A Secluded Pasture

October 27, 2007
In the summer of 2001, I was ten. Every acre of our land seemed wondrous, unexplored, and, uncharted. The ten acres that I looked upon now are known, tamed, and calm. I have explored every inch, and discovered every blackberry, and smelled every wild flower, and captured every insect, and heard every bird sing its song. I was getting the lay of the land in the land of the lea.

I walk out of the dim dwelling into the brilliant radiance of the day. I walk to the gate. I walk into the front pasture. The warmth of the sun felt heavenly on my bare, tanned flesh. I’ve now entered the double digits; I’m ten, yet I still seem vertically challenged. The weeds engulf me; they are so tall and anyone looking out into the pasture would not even have known I was there. The summer day has grown hot and already, on my long journey, there are beads of sweat on my forehead and trickling down my neck. Dragonflies whiz past my head. A bright blue one landed on a stalk of grass directly in front of me. Upon further examination, I notice little black stripes on the thorax and the wings seem to have colorful threads running through them. I continue my trek into unfamiliar territory, much like Columbus, explorer extraordinaire, discovering the new land.
It is so quiet out here that I can here the silent roaring in my ears. Yet, when I listen closer, I hear our horses in the next pasture over snort (the one horse, I think I should mention, bit my face and sent me to the hospital. But don’t worry, the horse only tore my cheek open to my ear and I had to get about 25 stitches inside my mouth and on my cheek), the 15 head of cattle on the next property over moo, the crickets, the frogs by the pond, and the butterfly’s wings flutter. From the pasture I, expert explorer, super surveyor, deft discoverer, entered the enchanted realm of the woods. I draw nearer to my destination, the place that is my secret.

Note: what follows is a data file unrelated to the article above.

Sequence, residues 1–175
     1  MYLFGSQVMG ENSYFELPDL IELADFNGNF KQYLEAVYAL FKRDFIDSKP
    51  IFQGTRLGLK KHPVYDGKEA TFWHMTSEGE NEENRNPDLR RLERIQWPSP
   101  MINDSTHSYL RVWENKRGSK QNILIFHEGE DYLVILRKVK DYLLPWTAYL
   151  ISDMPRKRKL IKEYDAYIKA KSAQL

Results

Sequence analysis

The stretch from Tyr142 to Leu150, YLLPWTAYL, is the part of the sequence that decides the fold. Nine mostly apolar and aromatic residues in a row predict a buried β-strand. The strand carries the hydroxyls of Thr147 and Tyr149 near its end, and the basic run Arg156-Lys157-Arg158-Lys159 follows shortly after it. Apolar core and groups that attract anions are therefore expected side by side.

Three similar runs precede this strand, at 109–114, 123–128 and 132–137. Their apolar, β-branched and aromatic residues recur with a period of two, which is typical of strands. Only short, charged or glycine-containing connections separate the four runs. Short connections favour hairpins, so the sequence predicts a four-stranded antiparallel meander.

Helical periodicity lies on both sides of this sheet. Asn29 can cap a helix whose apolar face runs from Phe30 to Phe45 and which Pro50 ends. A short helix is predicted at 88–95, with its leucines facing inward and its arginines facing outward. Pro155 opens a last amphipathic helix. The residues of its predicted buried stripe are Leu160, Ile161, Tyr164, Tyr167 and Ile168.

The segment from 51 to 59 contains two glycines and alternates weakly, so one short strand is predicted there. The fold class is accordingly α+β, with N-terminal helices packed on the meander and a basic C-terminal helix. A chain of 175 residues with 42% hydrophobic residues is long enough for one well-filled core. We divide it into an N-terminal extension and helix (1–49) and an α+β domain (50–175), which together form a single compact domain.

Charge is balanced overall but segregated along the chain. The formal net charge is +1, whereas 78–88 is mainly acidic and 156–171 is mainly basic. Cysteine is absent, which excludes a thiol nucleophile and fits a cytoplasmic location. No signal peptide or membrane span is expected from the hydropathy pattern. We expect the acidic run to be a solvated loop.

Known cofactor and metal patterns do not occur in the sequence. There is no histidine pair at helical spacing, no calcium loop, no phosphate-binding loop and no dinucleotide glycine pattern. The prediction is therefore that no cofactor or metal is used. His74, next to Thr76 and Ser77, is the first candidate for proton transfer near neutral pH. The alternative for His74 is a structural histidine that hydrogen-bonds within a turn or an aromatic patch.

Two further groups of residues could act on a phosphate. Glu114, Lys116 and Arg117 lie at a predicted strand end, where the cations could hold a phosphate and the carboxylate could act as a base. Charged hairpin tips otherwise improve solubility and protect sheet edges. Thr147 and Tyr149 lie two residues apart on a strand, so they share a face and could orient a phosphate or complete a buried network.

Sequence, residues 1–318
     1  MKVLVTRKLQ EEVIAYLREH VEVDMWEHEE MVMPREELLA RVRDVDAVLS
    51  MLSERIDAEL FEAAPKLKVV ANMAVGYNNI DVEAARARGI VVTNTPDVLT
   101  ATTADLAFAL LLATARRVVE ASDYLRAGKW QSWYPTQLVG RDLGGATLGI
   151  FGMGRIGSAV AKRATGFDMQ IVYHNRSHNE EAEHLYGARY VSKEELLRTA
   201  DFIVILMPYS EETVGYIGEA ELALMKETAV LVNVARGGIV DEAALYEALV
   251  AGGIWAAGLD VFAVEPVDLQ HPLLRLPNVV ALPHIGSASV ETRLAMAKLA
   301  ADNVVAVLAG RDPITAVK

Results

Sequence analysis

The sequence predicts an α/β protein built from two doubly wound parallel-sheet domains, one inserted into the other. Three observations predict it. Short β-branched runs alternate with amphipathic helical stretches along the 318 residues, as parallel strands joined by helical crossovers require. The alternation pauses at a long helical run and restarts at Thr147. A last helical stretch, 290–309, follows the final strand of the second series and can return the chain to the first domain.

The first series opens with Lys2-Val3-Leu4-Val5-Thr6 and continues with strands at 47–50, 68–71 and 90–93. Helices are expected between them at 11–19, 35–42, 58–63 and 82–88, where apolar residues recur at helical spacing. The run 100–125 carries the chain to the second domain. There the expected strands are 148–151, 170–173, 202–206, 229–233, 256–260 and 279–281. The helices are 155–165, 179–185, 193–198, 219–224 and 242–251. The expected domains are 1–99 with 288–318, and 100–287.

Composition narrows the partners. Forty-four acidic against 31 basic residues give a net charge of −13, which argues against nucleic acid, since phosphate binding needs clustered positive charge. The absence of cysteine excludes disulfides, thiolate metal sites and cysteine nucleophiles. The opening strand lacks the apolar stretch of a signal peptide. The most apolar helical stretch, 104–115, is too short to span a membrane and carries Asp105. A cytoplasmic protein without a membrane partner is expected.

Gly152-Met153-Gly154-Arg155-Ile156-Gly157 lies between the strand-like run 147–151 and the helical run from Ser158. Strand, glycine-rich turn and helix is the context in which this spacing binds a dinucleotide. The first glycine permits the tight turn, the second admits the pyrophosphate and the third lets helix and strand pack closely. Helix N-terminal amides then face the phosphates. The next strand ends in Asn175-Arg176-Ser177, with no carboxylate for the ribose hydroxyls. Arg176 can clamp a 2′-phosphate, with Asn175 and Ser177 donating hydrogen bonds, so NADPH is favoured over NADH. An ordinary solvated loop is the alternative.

The trees are as massive as the giant Sequoias of California. I look up only to see that these monsters obstruct my view of the sky. A year ago, in my ninth year, my brother took me to visit the Sequoias of California. They were magnificent. Looking up in the Sequoia forest I felt dwarfed, walking among these colossal giants. Time stood still in walking along small footpaths, like I was now walking through my own forest. They were timeless and immortal. I strolled up to one of the Sequoias. The bark was smooth beneath my fingertips. I traced every line and crack in the tree’s shell. This forest in California was a time portal. I was transported back in time to when dinosaurs roamed the earth. At any moment I was going to encounter ancient dinosaurs. It was odd to think that, millions of years ago, dinosaurs roamed the very spot on which I was standing and that maybe I was standing on an ancient dinosaur footprint. These Sequoias had witnessed the dawn of time, the rise of the dinosaurs. I am standing in my own forest now, one year and thousands of miles away from the Sequoias of California. The giant beasts cast moving shadows. The light that was able to push its way past the fluttering leaves glittered upon the under growth, rocking and swaying, never in the same spot for more than one second. I continue down the small footpath and could see the clearing in which I was headed. I walked on then I stopped to smell a wild geranium, yet I discovered it had no smell, and I decided to pick one for my mother, but thought it would probably wilt by the time I returned to the house, nevertheless I picked one anyways, though for myself. I reached the edge of the woods and it was as if I stepped out of the dim house again and into the light; I walked out of the dark woods into the bright and blinding light in the field. I didn’t even notice that it had been dark as night in the middle of the woods and when I stepped into the light it felt as though I was being interrogated with the sun being the lamp detectives point in your face.